When a party deliberately adopts a certain theory and the case is decided upon that theory in the court below, he will not be permitted to change his theory on appeal because, to permit him to do so, could be unfair to the adverse party (2 Moran's Comments on the Rules of Court, 1970 Ed. p. 505).
WHEREFORE, the lower court's order of dismissal is affirmed. Costs against the plaintiffs-appellants.
SO ORDERED. 12. [G.R. No. 111127. July 26, 1996]
MR. & MRS. ENGRACIO FABRE, JR.* and PORFIRIO CABIL, petitioners, vs. COURT OF APPEALS, THE WORD FOR THE WORLD CHRISTIAN FELLOWSHIP, INC., AMYLINE ANTONIO, JOHN RICHARDS, GONZALO GONZALES, VICENTE V. QUE, JR., ICLI CORDOVA, ARLENE GOJOCCO, ALBERTO ROXAS CORDERO, RICHARD BAUTISTA, JOCELYN GARCIA, YOLANDA CORDOVA, NOEL ROQUE, EDWARD TAN, ERNESTO NARCISO, ENRIQUETA LOCSIN, FRANCIS NORMAN O. LOPEZ, JULIUS CAESAR GARCIA, ROSARIO MA. V. ORTIZ, MARIETTA C. CLAVO, ELVIE SENIEL, ROSARIO MARA-MARA, TERESITA REGALA, MELINDA TORRES, MARELLA MIJARES, JOSEFA CABATINGAN, MARA NADOC, DIANE MAYO, TESS PLATA, MAYETTE JOCSON, ARLENE Y. MORTIZ, LIZA MAYO, CARLOS RANARIO, ROSAMARIA T. RADOC and BERNADETTE FERRER, respondents. DECISION MENDOZA, J.:
This is a petition for review on certiorari of the decision of the Court of Appeals in CA-GR No. 28245, dated September 30, 1992, which affirmed with modification the decision of the Regional Trial Court of Makati, Branch 58, ordering petitioners jointly and severally to pay damages to private
respondent Amyline Antonio, and its resolution which denied petitioners motion for reconsideration for lack of merit.
Petitioners Engracio Fabre, Jr. and his wife were owners of a 1982 model Mazda minibus. They used the bus principally in connection with a bus service for school children which they operated in Manila. The couple had a driver, Porfirio J. Cabil, whom they hired in 1981, after trying him out for two weeks. His job was to take school children to and from the St. Scholasticas College in Malate, Manila.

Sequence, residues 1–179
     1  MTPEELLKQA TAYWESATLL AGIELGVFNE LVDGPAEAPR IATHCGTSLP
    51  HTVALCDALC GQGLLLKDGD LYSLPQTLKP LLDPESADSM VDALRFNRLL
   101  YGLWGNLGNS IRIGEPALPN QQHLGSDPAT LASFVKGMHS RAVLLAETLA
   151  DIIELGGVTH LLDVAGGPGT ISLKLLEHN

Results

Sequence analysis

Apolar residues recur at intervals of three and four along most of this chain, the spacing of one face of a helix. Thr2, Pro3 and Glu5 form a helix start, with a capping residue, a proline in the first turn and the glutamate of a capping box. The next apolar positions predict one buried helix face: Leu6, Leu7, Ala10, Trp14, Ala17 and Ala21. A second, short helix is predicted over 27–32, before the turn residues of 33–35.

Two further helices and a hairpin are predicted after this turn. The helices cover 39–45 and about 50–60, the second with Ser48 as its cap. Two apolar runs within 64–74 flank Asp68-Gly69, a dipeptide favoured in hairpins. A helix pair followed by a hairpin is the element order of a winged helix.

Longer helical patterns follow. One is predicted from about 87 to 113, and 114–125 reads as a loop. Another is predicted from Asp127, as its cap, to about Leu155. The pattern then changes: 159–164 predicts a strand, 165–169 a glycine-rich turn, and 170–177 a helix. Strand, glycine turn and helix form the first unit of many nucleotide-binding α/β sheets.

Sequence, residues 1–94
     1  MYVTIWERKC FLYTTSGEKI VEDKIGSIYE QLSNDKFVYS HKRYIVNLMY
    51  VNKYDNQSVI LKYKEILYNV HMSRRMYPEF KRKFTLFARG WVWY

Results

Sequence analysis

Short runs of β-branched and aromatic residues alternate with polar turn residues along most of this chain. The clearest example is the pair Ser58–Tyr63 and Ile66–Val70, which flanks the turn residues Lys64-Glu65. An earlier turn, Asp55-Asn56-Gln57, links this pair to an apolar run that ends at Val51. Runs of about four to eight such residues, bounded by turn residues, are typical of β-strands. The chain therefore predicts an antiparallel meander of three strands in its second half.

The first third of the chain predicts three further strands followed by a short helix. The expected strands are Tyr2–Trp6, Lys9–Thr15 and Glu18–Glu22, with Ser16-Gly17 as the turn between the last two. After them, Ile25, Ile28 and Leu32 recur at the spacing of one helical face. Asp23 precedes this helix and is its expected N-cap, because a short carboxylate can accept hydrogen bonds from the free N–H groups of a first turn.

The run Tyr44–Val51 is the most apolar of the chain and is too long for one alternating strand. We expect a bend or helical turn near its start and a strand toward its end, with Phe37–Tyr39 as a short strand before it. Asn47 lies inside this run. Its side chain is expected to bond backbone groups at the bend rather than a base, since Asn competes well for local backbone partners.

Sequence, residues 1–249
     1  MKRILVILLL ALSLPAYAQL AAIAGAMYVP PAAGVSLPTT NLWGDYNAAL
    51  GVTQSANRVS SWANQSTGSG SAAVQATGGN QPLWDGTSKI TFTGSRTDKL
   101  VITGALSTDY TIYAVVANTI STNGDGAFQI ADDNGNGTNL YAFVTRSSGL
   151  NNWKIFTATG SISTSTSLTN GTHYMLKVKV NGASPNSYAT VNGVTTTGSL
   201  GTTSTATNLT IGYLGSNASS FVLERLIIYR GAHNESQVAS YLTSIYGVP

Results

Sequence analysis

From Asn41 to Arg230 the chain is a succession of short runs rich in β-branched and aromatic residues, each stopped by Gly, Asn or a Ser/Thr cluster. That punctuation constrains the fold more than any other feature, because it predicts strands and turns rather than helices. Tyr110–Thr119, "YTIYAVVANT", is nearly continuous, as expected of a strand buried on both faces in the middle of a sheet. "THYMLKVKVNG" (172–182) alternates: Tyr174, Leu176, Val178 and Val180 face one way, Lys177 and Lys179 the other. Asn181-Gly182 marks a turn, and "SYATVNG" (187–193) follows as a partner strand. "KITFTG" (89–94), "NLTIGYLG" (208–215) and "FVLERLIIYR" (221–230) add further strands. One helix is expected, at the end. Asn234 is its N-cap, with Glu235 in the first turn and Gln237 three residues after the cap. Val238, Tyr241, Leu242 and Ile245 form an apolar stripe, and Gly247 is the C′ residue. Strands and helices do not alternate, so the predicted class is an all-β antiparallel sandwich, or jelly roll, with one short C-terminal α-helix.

On November 2, 1984 private respondent Word for the World Christian Fellowship Inc. (WWCF) arranged with petitioners for the transportation of 33 members of its Young Adults Ministry from Manila to La Union and back in consideration of which private respondent paid petitioners the amount of P3,000.00.
The group was scheduled to leave on November 2, 1984, at 5:00 oclock in the afternoon. However, as several members of the party were late, the bus did not leave the Tropical Hut at the corner of Ortigas Avenue and EDSA until 8:00 oclock in the evening. Petitioner Porfirio Cabil drove the minibus.
The usual route to Caba, La Union was through Carmen, Pangasinan. However, the bridge at Carmen was under repair, so that petitioner Cabil, who was unfamiliar with the area (it being his first trip to La Union), was forced to take a detour through the town of Ba-ay in Lingayen, Pangasinan. At 11:30 that night, petitioner Cabil came upon a sharp curve on the highway, running on a south to east direction, which he described as siete. The road was slippery because it was raining, causing the bus, which was running at the speed of 50 kilometers per hour, to skid to the left road shoulder. The bus hit the left traffic steel brace and sign along the road and rammed the fence of one Jesus Escano, then turned over and landed on its left side, coming to a full stop only after a series of impacts. The bus came to rest off the road. A coconut tree which it had hit fell on it and smashed its front portion.
Several passengers were injured. Private respondent Amyline Antonio was thrown on the floor of the bus and pinned down by a wooden seat which came off after being unscrewed. It took three persons to safely remove her
from this position. She was in great pain and could not move.
The driver, petitioner Cabil, claimed he did not see the curve until it was too late. He said he was not familiar with the area and he could not have seen the curve despite the care he took in driving the bus, because it was dark and there was no sign on the road. He said that he saw the curve when he was already within 15 to 30 meters of it. He allegedly slowed down to 30 kilometers per hour, but it was too late.
The Lingayen police investigated the incident the next day, November 3, 1984. On the basis of their finding they filed a criminal complaint against the driver, Porfirio Cabil. The case was later filed with the Lingayen Regional Trial Court. Petitioners Fabre paid Jesus Escano P1,500.00 for the damage to the latters fence. On the basis of Escanos affidavit of desistance the case against petitioners Fabre was dismissed.